RFID Reading Field Visualizing Probe Design

Introduction

Last week while I was watching some videos on Vimeo looking for inspiring material, I hit the jackpot: “Immaterials: the ghost in the field”. I was so intrigued by their work; I didn’t even pay attention to the publishing date (2 years ago). While watching the video ideas started rushing through my head, since for a while I’ve been working with RFID and always faced problems with the reading field of the antennas. Of course going to the datasheets and trying to figure out the reading volume’s shape could be one possibility, but it’s just not “real” enough. I wanted to know more about the people behind this project and reached nearfield.org. The research was complete, the papers were published, the website was last updated in 2011 but people were still posting comments.

I started wondering what happened to this amazing technique, and why no one has pursued this study. In the meantime, while I could not argue the beauty of the outcome of this technique I couldn’t resist not thinking of how inefficient, time consuming and limited it was. So I decided to design my own tool that could take this research a step further.

RFID Reading Volume 3D Mapping Probe:

The concept is simple; it is visualized in the diagram below:

RFID Reading Field Visualizing Probe High level architecture
RFID Reading Field Visualizing Probe High level architecture

 

 

The diagram is at a very high level of abstraction and it’s not worth going into its details at the moment as some components might vary upon implementation. However, I’m gonna describe what is illustrated above:

  1. The Probe is made out of 5 modules:
    1. RFID Tag
    2. Coordinates Recording module
    3. Accelerometer
    4. LED
    5. Controller
  1. Once the Probe, specifically the Tag (1a) is at a reading distance from the RFID antenna, the reader dispatches a signal to the processing software layer that will in turn trigger the recording algorithm.
  2. The recording algorithm will ask the Controller to grab data from the 2 modules (1b and 1c) and will ask the LED (1d) to blink.
  3. The data is then gather, analyzed, stored and the coordinates with the accelerometer data will be used to draw 3D point cloud of the reading volume.
It is worth to note, that this Probe can be adapted to different technologies. Actually, any technology that offers instance response.

To be more specific, I drew a simple annotated sketch of how the probe might look like:

RFID Reading Field Visualizing Probe Sketch
RFID Reading Field Visualizing Probe Sketch

This design is currently pending a prototype. I’m gonna be working on it as of next week. I’ll update this post accordingly.

I will choose one of these 2 paths:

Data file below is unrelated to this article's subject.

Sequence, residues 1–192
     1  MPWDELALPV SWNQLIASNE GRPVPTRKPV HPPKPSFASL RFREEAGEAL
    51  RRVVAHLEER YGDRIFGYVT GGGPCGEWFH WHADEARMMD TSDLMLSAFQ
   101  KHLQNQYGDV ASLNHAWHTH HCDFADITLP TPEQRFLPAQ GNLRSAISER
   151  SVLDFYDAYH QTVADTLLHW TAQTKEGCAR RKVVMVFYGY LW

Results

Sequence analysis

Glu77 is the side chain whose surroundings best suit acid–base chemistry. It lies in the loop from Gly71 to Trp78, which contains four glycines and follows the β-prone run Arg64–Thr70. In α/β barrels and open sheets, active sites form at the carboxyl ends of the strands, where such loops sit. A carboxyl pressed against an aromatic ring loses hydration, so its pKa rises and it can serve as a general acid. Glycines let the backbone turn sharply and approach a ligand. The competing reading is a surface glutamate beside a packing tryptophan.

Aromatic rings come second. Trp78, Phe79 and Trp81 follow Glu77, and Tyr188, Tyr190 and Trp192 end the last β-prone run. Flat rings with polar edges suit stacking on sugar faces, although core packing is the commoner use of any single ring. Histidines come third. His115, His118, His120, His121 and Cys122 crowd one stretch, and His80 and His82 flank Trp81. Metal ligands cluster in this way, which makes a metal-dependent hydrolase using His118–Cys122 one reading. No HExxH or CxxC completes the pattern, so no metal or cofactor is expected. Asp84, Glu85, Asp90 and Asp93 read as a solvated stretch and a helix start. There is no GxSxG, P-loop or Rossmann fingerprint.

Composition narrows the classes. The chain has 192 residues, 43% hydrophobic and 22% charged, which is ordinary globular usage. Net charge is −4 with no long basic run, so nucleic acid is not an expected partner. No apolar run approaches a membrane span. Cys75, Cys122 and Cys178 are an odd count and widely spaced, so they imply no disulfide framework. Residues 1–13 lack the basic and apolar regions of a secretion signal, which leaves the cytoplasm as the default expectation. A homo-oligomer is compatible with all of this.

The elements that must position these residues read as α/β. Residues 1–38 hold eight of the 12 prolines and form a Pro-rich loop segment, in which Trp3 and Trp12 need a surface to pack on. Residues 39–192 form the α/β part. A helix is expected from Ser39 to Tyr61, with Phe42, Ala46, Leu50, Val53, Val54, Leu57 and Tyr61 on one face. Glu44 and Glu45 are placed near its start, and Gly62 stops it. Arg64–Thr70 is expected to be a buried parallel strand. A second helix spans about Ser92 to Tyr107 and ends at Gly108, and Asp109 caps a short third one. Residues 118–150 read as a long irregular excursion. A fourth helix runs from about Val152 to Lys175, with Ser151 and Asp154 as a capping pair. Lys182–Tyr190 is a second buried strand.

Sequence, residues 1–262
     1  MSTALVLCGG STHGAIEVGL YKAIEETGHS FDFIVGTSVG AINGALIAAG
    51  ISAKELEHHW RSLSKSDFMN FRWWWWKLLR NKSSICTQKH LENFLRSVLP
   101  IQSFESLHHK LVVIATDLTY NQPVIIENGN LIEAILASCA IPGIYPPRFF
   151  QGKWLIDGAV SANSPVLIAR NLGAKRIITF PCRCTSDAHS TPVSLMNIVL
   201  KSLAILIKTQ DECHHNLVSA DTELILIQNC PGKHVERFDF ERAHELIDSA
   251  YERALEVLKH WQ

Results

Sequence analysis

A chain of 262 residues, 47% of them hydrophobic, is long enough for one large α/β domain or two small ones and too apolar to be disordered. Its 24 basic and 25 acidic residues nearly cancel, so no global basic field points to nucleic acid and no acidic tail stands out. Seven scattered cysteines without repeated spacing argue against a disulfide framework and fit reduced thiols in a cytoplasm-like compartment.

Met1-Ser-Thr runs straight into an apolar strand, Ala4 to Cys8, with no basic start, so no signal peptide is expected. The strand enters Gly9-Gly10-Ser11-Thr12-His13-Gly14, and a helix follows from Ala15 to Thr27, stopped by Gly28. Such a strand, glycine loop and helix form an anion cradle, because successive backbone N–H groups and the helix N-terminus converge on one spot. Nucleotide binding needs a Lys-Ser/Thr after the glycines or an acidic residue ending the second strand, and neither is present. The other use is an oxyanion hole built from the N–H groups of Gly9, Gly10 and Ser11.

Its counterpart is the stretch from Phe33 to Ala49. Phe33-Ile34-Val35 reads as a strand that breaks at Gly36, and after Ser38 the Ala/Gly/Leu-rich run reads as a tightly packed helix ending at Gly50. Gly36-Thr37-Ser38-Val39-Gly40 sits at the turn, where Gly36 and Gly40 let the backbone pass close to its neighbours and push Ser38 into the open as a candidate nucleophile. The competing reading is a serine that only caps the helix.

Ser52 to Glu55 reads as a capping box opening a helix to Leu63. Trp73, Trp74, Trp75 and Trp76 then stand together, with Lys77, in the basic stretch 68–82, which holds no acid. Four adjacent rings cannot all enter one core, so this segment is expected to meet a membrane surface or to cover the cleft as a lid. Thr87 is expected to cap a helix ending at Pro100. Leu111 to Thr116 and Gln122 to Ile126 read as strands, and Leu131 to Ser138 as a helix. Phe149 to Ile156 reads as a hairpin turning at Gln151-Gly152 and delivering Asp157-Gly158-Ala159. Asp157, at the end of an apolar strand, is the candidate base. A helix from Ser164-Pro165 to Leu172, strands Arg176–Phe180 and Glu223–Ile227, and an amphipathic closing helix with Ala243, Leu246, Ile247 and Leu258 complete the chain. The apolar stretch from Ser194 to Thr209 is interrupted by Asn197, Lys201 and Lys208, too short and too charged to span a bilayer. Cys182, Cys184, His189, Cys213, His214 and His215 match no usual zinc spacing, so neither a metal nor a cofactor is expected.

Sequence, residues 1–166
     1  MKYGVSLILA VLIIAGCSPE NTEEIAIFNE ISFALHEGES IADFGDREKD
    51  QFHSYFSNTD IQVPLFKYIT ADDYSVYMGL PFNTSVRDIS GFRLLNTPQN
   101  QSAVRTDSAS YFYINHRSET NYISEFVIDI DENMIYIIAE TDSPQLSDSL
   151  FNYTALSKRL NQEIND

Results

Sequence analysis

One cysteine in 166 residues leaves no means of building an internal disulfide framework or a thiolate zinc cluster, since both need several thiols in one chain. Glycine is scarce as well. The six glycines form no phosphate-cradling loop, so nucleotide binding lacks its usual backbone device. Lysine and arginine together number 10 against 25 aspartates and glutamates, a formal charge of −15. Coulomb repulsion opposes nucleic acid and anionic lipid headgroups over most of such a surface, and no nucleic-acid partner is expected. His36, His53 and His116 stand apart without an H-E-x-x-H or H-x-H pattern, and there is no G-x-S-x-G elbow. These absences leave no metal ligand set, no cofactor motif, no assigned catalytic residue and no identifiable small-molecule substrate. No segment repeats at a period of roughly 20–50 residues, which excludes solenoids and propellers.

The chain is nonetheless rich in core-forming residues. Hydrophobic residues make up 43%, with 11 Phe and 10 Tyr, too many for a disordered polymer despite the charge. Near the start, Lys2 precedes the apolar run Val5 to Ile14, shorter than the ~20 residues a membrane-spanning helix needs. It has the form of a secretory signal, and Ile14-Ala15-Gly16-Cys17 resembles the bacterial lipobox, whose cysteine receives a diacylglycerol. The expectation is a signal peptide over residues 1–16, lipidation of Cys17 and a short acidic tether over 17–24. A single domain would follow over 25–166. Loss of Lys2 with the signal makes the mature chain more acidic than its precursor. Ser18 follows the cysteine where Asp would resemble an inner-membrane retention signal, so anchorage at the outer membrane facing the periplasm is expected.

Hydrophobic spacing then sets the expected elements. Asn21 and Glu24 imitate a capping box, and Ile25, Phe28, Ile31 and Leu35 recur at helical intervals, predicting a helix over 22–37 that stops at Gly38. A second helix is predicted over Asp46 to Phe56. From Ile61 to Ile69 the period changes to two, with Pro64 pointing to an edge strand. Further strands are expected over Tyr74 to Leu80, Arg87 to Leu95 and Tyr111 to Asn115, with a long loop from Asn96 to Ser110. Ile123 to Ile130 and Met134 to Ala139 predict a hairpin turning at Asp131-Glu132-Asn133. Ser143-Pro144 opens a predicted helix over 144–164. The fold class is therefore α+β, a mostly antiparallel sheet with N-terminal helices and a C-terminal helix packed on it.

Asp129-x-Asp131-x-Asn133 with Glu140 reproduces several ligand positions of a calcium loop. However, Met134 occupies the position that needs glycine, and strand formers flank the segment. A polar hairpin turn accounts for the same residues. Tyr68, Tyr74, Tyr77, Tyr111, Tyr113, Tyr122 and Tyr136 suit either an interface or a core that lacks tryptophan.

1. Develop a mobile application and embed the missing modules to a smart phone and have the application do all the logic.
  2. Implement the probe using an open source controller (Arduino and the likes). I’m sure I will not need much processing power on the Probe level since all the work will be done by the controlling pc.

Potential Value:

Since this is a side project, I will neglect all business value of this project and focus on the personal educational benefit; maybe some student, researcher might find value in this work as well. I have not yet done my homework with regard to looking for off the shelf solutions; I am going to work on it either way, even if some argue that I’ll be re-inventing the wheel.

 

 

Sparkfun: Color LCD Shield back-light problem patch

Problem

As I was working on a project that makes use of the Sparkfun color LCD shield I noticed after running sample code that the back-light is not working properly. Adding to that, it was a bit challenging to find Arduino (v1.0) compatible libraries to make this shield work as it was intended. The solutions for these 2 problems are summarized below.

Back-light fix

Credit is due where credit is due. The original hacker who, with a bit of research and reading a few comments on the product’s page, found the solution can be reached through this link. Although the description of the fix is quite straight forward, I though it could be simplified more.

The problem relies in a resistor on the board (R1) that was supposed to have the value of 15KOhm but was (for some reason) replaced with a 3.3KOhm resistor (as shown in the picture below).

Original Color LCD Shield - sku: LCD-09363
Original Color LCD Shield
sku: LCD-09363
images are CC BY-NC-SA 3.0

 

 

 

 

 

 

 

 

 

 

 

In order to resolve this issue and provide enough voltage to activate the back-light, this resistor needs to be short-circuited by soldering the edges of 2 components as shown in the picture below. A small solder drop is enough to provide you with an elegant fix.

 

 

Soldering fix
Solder the 2 edges and you’ll be good to go.
Close up for the fix
Close up for the fix

That should do it.

Libraries compatibility problems

I naively assumed that upgrading my Arduino IDE to version 1.0 would not break any existing library, however as it turns out it does. The libraries that enable the color LCD shield do not work with v1.0. The libraries that are available either use “WProgram.h” or “wiring.h” header files which have been merged in the new version of the Arduino IDE with the “Arduino.h” header file. In addition, replacing these header files with “Arduino.h” does not seem to fix the compilation error.

So in order to avoid hours of pain, Arduio IDE v0023 runs the LCD shield libraries perfectly well.